Age Scotland chief executive Brian
Sloan said a ?common sense?
approach was needed.
He said: ?Grandparents should
respect parents? dietary requests for
their children but there should also be
discussions to understand where and
when a grandparent can spoil their
grandchildren ? whether through
experiences or food.
?Each family dynamic is different.
The choice to include grandparents in
health appointments should be an
option, not a requirement, for
parents.?
The Scottish Government said its
plans to halve childhood obesity by
2030 include ?providing information
and advice for parents and carers ?
which can include grandparents ? and
training for frontline staff in services
that work with them?.
Being forced to apply to stay in UK angers Europeans
MAX MCLEAN
A TEACHER and a former Member
of Parliament have told of their anger
and disappointment at having to
?apply? to remain in the United
Kingdom after Brexit.
The Home Office announced on
December 27 that EU citizens and
their families would have to apply to
the EU Settlement Scheme if they
want to continue living in the UK
after December 31, 2020.
The scheme will be fully open by
March 30, 2019, with an application
costing � for those aged 16 and
over and �.50 for under 16s. The
Home Office?s video received more
than 7,000 replies from Twitter users,
many of them angry.
?We were told during the
campaign that our rights would
remain the same,? Christian Allard, a
councillor for Aberdeen City
Council, said.
?As soon as the Government
decided that we would have to apply
to stay here, then I said I won?t apply.
I?m sorry, I?m not applying to remain
in my own home. I came here in good
faith, I know my rights ? I?m here by
right.?
Mr Allard moved to Scotland in
the 1980s from France, and served as
a Member of the Scottish Parliament
for the North East of Scotland from
2013 to 2016.
?The crucial point is ?application?,?
he said. ?If you apply for something it
means that you could be rejected.
?We don?t know yet if Brexit is
going to be delayed, so I would ask
people not to rush into paying for
something which we don?t know
what the outcome will be.
?I?m very careful to say that the
stance I?m taking is personal.?
Others however aren?t as confident
about protesting against the scheme.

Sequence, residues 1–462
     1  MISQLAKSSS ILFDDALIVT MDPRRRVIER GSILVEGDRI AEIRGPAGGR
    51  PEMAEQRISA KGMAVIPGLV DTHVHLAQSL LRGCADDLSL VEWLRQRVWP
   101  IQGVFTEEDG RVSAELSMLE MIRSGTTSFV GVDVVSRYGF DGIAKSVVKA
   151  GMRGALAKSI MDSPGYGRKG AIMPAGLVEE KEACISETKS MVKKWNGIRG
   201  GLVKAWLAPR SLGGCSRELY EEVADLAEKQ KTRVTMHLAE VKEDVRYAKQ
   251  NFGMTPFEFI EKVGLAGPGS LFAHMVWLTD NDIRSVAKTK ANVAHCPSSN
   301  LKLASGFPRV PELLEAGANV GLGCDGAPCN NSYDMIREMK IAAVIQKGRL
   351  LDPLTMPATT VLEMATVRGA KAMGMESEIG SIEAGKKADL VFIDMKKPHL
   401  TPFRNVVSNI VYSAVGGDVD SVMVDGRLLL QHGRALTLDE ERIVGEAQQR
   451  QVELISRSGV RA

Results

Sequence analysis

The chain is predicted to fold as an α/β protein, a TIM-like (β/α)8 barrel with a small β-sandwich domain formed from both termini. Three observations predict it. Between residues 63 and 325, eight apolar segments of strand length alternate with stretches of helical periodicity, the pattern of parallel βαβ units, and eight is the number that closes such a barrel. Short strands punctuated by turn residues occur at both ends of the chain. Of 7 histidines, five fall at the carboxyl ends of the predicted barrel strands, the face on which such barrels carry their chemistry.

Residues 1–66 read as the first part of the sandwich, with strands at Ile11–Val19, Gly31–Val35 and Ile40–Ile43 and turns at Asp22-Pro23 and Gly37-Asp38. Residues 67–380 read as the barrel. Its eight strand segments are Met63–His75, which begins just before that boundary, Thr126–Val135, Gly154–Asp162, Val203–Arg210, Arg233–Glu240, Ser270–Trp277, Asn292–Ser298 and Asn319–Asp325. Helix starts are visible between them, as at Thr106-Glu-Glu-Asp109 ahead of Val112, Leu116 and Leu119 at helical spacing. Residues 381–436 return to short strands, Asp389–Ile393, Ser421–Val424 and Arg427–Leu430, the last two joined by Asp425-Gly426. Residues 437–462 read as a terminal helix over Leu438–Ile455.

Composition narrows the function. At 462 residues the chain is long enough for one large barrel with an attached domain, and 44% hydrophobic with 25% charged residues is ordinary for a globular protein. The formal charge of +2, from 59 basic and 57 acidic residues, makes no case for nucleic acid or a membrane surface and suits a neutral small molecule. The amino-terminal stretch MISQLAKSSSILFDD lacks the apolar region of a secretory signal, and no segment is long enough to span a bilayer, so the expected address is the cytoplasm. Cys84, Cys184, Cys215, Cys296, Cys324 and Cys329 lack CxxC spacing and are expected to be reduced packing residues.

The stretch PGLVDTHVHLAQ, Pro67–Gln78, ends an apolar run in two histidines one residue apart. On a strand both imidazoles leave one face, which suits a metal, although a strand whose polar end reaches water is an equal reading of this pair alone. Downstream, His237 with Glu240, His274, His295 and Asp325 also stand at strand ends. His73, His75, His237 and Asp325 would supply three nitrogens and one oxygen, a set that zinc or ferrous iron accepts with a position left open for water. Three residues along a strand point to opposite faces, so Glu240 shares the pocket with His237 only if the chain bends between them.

Barbara Henderson, 47, is a drama
teacher and children?s author who
moved to Scotland from Germany in
1991 to study English at university.
?My next step will have to be to
comply with the settlement scheme,?
she said.
?I?ve been in this country for 27
years. I?ve not been unemployed, I?ve
not claimed benefits, I have paid into
the system from day one of
graduating ? in fact, I established a
book festival in my town.
?Suddenly it separates me from my
family and my community and that?s
what riles me. It?s somehow
presented as, ?Aren?t you lucky, we?re
going to let you stay?.?
剟 Christian Allard, a French-born
politician, must apply to remain.
Top Rangers executives see their pay packages rise
剟 Family announcements
Page 18
MARTIN WILLIAMS
THE salary packages of Rangers? two
EUROMILLIONS
THE National Lottery
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Selection: 10 UK millionaires
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grandparents could accompany
expectant mothers to health visitor
checks or midwife appointments to
become better informed about making
health choices for youngsters.
Study leader Dr Bai Li, of the Institute of Applied Health Research at the
University of Birmingham, said: ?In
the UK, a quarter of working parents
are relying on grandparents.
?We found some parents felt they
could not criticise because they rely
on the free care.
?We suggest grandparents who are
going to be caring for children under
the age of five are given a brief intervention. We can exploit the existing
system of health checks given to preg-
剟 Rangers managing director
Stewart Robertson.
executive directors has risen by nearly
�,000 over a year as the club saw
soaring losses of �.3 million.
The directors? nine per cent rise
came amid losses for the year ending
June 30, 2018, that were double those
of the previous campaign.
It comes on top of the previous
year?s salary lift of more than �,000.
Losses for that 12 months also
doubled.
Managing director Stewart Robertson was the biggest beneficiary. His
earnings came to a total of �1,000 in
the last year, including a �,000
bonus, meaning his pay package rose
by �,000. His pay package increased
by �,000 the previous year.
Finance director Andrew Dickson?s
total pay package was �3,000 .
This was made up of a �5,000
basic salary with a �,000 bonus and
�,000 in pension contributions,
with �000 benefits in kind.
Overall, his pay package rose
�000 and follows a �,000 salary
rise the previous year.
The club?s board has revealed for
the first time a further �9,000 has
been given to an unspecified number
of ?key management personnel? in
the last financial year. This includes
�8,000 by way of salary and �,000
in bonuses. The board describes beneficiaries as employees who ?have been
or are part of the management group...
and have had substantial influence in
impor t ant decision-making
processes.?
Details of the remuneration come
after Rangers chairman Dave King?s
family trust agreed to cover a funding